> It works that way on quill stems, right? That's why the post needs to be periodically removed,
    > cleaned, and regreased.

    No, it's because the grease washes out, eventually.

    --

    David L. Johnson

    __o | To announce that there must be no criticism of the president, or _`\(,_ | that we are to
    stand by the president right or wrong, is not (_)/ (_) | only unpatriotic and servile, but is
    morally treasonable to the American public. --Theodore Roosevelt
     
  7. Alfred Klek

    Alfred Klek Guest

    > Since I've gotten dirty water in my BB, does that mean it should be taken apart and re-greased? Is
    > this a ritual one must do after every wet ride?

    your bike probably has a sealed cartridge BB. repacking is not a practical option as they are not
    readily designed for this procedure. alfred
     
  8. Wannagofast

    Wannagofast Guest

    if not sealed, then the answer is yes, repack it.
    1/8 hole is probably small as grit coming down the seat tube will likely clump and clog the hole.
    i'd use a hole between 3/16 and 1/4, say 7/32". make sure your cable guide doesn't cover it up as
    well as it is at the true bottom as possible.

    "Alfred Klek" <[email protected]> wrote in message
    news:[email protected]...
    > > Since I've gotten dirty water in my BB, does that mean it should be
    taken
    > > apart and re-greased? Is this a ritual one must do after every wet ride?
    >
    > your bike probably has a sealed cartridge BB. repacking is not a
    practical
    > option as they are not readily designed for this procedure. alfred
     
  9. Robin Hubert

    Robin Hubert Guest

    "David L. Johnson" <[email protected]> wrote in message
    news:[email protected]...
    > On Sun, 14 Sep 2003 02:22:24 +0000, Robin Hubert wrote:
    >
    > > That's what Jobst says but doesn't jibe with my experience. I can't imagine having the damn
    > > interface more clogged up with grease than I've already managed. I also consulted my frame
    > > builder about this and was informed that there's really nothing you can do to stop it (ok, a
    > > rear fender helps alot).
    >
    > And that does not coincide with my experience. We've had a lot of rain here this Spring/Summer,
    > and a well-greased post has kept the water out of my frame.
    > >
    > >> and also prevents the post from welding itself to the frame.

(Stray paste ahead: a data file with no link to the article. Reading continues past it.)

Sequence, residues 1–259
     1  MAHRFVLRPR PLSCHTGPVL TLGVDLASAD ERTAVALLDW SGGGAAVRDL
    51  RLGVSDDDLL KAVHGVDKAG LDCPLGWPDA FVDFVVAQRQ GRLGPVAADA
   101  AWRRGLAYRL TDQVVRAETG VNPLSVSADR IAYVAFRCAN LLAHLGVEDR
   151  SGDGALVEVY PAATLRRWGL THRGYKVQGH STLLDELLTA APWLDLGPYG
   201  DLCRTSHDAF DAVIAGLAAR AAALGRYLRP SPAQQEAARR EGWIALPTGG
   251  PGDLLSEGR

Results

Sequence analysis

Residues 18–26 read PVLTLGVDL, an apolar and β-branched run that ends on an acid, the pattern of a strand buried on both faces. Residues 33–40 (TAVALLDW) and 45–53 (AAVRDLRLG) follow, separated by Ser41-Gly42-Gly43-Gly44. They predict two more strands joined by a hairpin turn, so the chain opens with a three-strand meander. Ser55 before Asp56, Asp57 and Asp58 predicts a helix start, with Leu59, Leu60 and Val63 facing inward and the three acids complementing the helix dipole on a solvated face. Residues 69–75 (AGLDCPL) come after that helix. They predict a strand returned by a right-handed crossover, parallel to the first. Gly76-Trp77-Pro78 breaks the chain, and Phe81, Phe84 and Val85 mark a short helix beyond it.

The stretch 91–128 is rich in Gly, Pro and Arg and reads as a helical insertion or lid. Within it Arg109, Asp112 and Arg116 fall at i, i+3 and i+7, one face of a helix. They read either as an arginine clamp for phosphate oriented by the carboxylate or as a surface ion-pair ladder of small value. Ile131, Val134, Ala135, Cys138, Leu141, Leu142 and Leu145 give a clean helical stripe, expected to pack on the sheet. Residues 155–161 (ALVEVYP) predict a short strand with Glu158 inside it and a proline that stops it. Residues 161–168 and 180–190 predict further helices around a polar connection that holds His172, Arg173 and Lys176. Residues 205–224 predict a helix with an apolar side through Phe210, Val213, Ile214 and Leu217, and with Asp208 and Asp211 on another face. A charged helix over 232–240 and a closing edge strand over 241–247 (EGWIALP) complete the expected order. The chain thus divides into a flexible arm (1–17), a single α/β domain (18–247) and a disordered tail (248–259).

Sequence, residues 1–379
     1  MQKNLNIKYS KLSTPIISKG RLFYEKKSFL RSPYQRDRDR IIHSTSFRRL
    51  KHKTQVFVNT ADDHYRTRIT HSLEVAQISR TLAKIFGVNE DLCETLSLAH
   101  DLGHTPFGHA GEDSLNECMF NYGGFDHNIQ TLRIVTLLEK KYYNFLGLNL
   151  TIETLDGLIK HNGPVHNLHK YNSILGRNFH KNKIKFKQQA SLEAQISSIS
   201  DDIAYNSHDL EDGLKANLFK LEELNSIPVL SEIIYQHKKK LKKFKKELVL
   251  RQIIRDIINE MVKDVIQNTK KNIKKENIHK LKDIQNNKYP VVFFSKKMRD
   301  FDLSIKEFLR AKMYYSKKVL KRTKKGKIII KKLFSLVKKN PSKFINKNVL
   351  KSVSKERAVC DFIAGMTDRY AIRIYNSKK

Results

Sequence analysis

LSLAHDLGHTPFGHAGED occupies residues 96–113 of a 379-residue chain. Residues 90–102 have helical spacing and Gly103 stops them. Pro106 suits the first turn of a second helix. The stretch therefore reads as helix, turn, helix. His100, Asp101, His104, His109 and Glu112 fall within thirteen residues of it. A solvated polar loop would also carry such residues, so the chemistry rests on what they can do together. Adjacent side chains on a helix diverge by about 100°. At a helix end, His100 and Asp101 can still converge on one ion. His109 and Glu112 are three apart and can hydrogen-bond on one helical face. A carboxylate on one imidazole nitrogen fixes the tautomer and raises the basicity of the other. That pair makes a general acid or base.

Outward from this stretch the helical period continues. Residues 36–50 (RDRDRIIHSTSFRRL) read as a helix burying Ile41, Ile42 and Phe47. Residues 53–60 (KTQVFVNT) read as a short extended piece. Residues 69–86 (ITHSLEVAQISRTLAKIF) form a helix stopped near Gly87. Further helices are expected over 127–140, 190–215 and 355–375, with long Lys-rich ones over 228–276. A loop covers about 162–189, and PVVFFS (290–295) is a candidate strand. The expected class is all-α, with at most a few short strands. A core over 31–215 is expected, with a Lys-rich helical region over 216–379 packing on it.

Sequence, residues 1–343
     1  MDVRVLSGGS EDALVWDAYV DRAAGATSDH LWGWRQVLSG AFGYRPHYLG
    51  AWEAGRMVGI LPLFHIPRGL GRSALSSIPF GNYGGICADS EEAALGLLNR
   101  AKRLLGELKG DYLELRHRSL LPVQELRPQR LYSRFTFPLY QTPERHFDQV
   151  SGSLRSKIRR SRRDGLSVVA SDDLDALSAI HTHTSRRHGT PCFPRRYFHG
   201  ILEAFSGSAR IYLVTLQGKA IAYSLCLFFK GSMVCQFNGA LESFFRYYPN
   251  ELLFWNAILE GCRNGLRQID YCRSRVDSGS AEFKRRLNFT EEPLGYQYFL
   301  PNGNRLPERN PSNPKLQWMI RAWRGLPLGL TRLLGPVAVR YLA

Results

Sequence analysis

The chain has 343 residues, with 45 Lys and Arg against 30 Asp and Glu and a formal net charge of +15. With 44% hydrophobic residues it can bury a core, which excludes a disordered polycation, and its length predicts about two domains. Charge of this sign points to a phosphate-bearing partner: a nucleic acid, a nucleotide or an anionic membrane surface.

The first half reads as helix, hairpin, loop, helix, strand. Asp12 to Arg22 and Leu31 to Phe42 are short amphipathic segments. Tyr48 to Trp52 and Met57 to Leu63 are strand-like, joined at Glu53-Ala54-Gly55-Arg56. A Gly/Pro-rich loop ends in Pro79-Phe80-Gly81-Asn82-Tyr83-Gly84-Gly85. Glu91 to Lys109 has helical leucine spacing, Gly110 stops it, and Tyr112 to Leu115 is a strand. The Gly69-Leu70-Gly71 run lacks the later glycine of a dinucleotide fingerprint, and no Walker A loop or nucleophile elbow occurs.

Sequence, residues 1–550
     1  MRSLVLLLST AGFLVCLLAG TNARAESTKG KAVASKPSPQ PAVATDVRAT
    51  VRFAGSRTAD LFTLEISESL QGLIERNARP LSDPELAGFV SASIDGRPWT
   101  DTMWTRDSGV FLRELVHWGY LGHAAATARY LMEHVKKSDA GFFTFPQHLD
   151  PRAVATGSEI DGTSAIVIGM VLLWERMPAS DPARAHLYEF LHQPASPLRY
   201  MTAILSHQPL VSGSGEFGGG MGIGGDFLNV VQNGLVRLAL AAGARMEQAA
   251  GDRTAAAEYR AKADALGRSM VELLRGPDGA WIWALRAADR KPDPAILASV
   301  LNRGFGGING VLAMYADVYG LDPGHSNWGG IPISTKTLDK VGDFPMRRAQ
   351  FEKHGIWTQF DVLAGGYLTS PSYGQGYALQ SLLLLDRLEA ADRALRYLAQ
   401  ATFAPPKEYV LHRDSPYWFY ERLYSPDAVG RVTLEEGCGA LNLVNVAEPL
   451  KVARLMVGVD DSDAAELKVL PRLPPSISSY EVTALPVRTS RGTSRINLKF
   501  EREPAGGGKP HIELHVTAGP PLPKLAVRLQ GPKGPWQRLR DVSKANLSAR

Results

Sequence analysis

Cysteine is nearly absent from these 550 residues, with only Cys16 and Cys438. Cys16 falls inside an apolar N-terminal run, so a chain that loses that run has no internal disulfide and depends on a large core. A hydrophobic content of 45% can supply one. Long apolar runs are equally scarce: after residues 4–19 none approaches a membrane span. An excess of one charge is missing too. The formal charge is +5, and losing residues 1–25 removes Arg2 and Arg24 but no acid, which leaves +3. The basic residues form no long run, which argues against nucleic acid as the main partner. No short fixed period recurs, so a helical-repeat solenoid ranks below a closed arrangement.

> >
    > > I figure grease also promotes seizing due to emulsification of grease/water due to the movement
    > > of the post inside the frame.
    >
    > I don't think so, and I am certainly not willing to test such a theory.
    >
    > > It works that way on quill stems, right? That's why the post needs to be periodically removed,
    > > cleaned, and regreased.
    >
    > No, it's because the grease washes out, eventually.
    >

    Washes *where*, pray tell?

    --
    Robin Hubert <[email protected]
     
  10. Appkiller

    Appkiller Guest

    Werehatrack <[email protected]> wrote in message
    news:<[email protected]>...
    > On Sat, 13 Sep 2003 19:05:35 GMT, Shayne Wissler <[email protected]> may have said:
    >
    > >Several days ago I was out riding and it started to rain really hard. When I got home I dried my
    > >bike off. Yesterday I went for a ride, and when I leaned my bike over, rusty water dripped out
    > >from inside the frame! I noticed that there were small holes in the frame, near the axel on the
    > >chain and seat stays.
    > >
    > >Now this is probably not news to you tech gurus, but when I saw those holes I was wondering why
    > >on earth they'd be there, and if there, why they aren't plugged up at the factory?
    >
    > They are present to ensure that during the welding and brazing of the frame, the internal pressure
    > is relieved.
    >
    > >How can I make sure the water is all out?
    >
    > Pull the seatpost, flip the bike over, drain anything that comes out that way, flip and rock it to
    > put each of the holes in the tubes at a low point until they finish draining, and then park it in
    > the sun for a few hours. No sun? Cold weather? Park it over a ventilation register or some such.
    > Truly obsessed with getting it dry inside and, and possessed of the time to do such things? Pop
    > the fork and BB out, dry things, and reassemble. (Take the opportunity to grease the steerer
    > bearings if you want to.)
    >
    > >Is there something I should plug the holes up with so this doesn't happen again?
    >
    > In my opinion, no. Water will probably still get in somewhere. It's better to have a way for it to
    > get out.
    >
    > Some people like to make sure there's a hole drilled in the bottom of the BB tube to allow water
    > to drain. Opinions vary both on the necessity and the advisability of that.

    If you are totally paranoid about it, spend a coupla bucks, get some FrameSaver and treat the inside
    of the frame. I have heard it recommended as frequently as an annual ritual and as infrequently as
    once in the life of a frame. I would adhere to the suggestions on the can.

    Other posts regarding this issue suggest that the frame will fail before rust will eat it up. Maybe
    ignore it, and if you can't, FrameSaver.

    App

    App
     
  11. Bd

    Bd Guest

    "S. Anderson" <[email protected]> wrote in message
    news:[email protected]...
    > "Werehatrack" <[email protected]> wrote in message
    > news:[email protected]...
    > >
    > > In my opinion, no. Water will probably still get in somewhere. It's better to have a way for it
    > > to get out.
    > >
    > > Some people like to make sure there's a hole drilled in the bottom of the BB tube to allow water
    > > to drain. Opinions vary both on the necessity and the advisability of that.
    > >
    >
    > In ancient times, half the BB shell was cut out for show! Colnago comes
    to
    > mind....however, in this day and age of alu BB shells, a small hole, say
    > 1/8" or less, is more adviseable. I'm certain it will have little effect
    on
    > the overall durability of your frame. And it means you don't have to
    worry
    > about a pint of water sloshing around in your BB.
    >
    > Cheers,
    >
    > Scott..
    >
    >

    Ancient???? Oh man, I didn't know I was that old. I do admit that I like being able to spin my Super
    over in the workstand and seeing that cutout. Need I mention the beauty of lugs as well?

    C